We all need to change but none of us like it. I have yet to talk to a leader who has thought that change was not necessary to move their ministry forward. But how can it happen without causing a revolt? If you hope to effectively fulfill the Great Commission in and through your ministry you will have to face the challenge of leading needed changes. In this newsletter we will discuss several things that are paramount to success when seeking to bring about change your ministry.
Before you decide on the level or amount of change you need to get a handle on the following questions:
1. What is the code of your church? (See Transforming Church by Kevin Ford)
2. What is the culture of your church? (See Cracking Your Church’s Culture Code by Samuel Chand)
3. What is your context? (The combination of your congregation and community)
When you go about leading change in your ministry you should consider every component connected to you, your ministry and community. You need to understand all of them. Let me illustrate by using our personal experience of fixing up homes over the last 30 plus years of our marriage. When my wife and I walked into a house we had to decide what level of change we would bring to the project. Below are some levels of change and the pain associated with it. Perhaps this will help you sort out what level of change to pursue with your ministry.
1. RESTORE – Dusting off what you have / Little cost and pain
Some homes just needed a good cleaning from top to bottom. This is the lightest fixing up we ever did. We simply cleaned and polished the existing structure and fixtures. It required the smallest investment of time, money, and energy to accomplish. For your ministry, this level of change will be met with the least amount of resistance. Few will fuss if you are simply cleaning and polishing what already exists. You haven’t really changed anything it is just spring cleaning if you will.
2. REFURBISH – New Paint / Minimal cost and pain
This level moves up to the cosmetics of paint, flooring, and some fixtures but the changes really are cosmetic in nature not structural or foundational. This requires more time, money, effort and other resources to pull off. There is more pain involved but the level of resistance may be minimal. You haven’t tried to change the structure or foundation.
3. RENOVATE – Replacing existing Fixtures / Medium Cost and Potential Pain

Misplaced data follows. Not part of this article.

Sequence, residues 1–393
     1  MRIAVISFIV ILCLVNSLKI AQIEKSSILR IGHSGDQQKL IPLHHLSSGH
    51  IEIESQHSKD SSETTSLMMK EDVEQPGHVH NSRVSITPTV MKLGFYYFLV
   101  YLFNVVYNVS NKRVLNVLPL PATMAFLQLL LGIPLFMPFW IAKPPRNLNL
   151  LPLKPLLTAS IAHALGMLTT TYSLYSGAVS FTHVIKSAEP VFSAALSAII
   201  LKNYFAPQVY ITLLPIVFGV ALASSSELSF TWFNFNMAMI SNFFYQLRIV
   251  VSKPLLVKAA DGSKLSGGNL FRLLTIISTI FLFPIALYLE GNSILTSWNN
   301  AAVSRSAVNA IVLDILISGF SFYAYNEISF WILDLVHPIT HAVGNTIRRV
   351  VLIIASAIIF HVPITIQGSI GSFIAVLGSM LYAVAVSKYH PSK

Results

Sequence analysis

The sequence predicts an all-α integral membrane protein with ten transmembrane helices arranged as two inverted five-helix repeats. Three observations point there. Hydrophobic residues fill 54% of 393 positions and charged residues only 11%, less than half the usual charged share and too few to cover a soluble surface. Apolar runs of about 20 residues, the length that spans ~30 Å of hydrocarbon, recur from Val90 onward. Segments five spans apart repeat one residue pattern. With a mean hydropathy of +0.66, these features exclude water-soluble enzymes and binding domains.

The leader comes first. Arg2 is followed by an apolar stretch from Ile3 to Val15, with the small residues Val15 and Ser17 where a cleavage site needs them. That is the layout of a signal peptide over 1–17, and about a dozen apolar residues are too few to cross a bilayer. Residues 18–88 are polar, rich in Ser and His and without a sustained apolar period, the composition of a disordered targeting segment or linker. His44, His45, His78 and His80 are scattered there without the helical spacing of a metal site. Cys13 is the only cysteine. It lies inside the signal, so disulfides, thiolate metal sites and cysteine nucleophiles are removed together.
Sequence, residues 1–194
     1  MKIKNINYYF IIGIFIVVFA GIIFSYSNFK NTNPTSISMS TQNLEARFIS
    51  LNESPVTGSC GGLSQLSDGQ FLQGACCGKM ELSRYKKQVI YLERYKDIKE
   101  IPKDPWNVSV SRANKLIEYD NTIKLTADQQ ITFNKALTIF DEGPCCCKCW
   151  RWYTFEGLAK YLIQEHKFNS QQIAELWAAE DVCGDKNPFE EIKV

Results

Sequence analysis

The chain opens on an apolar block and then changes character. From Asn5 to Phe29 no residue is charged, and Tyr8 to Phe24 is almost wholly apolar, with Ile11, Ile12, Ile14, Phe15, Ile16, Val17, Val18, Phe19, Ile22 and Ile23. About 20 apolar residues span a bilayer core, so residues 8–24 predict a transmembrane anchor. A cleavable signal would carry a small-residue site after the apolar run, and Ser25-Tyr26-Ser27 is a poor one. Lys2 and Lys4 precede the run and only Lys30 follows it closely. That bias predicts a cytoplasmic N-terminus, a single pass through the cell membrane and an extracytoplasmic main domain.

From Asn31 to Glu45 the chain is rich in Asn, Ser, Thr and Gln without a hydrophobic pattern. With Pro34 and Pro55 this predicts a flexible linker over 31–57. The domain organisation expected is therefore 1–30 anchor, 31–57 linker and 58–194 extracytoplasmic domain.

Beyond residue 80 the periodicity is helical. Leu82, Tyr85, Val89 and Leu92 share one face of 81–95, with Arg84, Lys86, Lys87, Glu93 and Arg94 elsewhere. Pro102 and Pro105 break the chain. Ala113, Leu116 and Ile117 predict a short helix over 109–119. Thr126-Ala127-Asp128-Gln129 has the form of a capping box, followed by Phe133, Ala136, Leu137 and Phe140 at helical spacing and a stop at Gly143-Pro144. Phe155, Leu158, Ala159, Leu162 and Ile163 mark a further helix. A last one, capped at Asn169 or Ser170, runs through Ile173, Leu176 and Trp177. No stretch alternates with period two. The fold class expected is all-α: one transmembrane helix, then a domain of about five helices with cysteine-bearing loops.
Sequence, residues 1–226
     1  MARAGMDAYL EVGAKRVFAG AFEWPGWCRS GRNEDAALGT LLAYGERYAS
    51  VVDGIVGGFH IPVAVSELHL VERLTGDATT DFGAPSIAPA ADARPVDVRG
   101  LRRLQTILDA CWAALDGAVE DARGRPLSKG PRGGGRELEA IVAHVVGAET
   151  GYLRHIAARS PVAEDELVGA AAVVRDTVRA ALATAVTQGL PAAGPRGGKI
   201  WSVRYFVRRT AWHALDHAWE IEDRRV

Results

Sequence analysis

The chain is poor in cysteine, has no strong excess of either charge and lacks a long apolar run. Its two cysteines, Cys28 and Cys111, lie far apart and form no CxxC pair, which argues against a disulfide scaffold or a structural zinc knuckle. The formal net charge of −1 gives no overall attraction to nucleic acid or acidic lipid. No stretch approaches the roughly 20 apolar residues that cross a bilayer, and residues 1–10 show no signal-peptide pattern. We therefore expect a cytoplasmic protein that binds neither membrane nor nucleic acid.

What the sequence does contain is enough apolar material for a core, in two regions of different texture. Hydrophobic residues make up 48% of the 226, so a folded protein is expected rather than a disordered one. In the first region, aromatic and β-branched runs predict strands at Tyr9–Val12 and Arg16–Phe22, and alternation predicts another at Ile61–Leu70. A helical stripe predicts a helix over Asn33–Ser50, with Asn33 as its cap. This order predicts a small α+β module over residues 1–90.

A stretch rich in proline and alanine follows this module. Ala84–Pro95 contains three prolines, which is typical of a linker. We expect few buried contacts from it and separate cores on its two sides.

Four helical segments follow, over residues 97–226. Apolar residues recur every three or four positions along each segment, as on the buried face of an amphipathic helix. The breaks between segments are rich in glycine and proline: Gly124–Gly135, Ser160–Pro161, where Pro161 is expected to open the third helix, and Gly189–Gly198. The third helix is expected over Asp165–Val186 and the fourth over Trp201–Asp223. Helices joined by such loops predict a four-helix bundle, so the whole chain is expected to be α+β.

This level requires more than mere cosmetics and steps into building codes and construction that require replacing existing furniture, fixtures, and equipment that have served their time along with other components of your structure. If you aren’t facing full replacement then likely major repairs. This level of change is expensive. Once you step into this level of change in your ministry you will receive stronger resistance and will hear those dreaded words: “but this is how we’ve always done things”. Consult the writings of Aubrey Malphurs or Gary McIntosh to study the levels of resistance to organizational change. Understanding these in your particular ministry will help you prepare for your congregation’s response. Knowing the condition of your flock is critical to leading your ministry through this level of change. Identifying who is going to accept or reject the change and at what level will help you navigate your way through the process.
4. REDESIGN – Considerable Cost / Uncomfortable Pain Level
This is taking what exists and redesigning it so it looks and feels different. The foundation and basic structure remain but the same but the whole lay-out might be changed. Think of house crashers on HGTV – walls are disappearing and dust is flying. The pain meter will likely register at a higher, uncomfortable level. People may not recognize what once was and you will most likely be presented with much stronger resistance. Correctly understanding the code, culture and context of your ministry before you tackle this level of change is vital to preparing your congregation and stepping into this level together.
5. REPLACEMENT – Highest Cost / Highest Pain
This is the most extensive level. You exchange the old for the new. You move or demolish the existing house and replace it with a new one from the ground up. This is, of course, the most expensive in every category and you will most likely receive the greatest resistance. Actually the resistance may look more like a revolt. Understand and prepare your people before you announce or implement this amount of change. It’s a rare leader that can bring about this level without much suffering along the way.
If you would like more information or help with guiding your ministry through change or developing a theology of change, please contact us. We’ll be happy to help you determine what level of change you should attempt and how to go about it.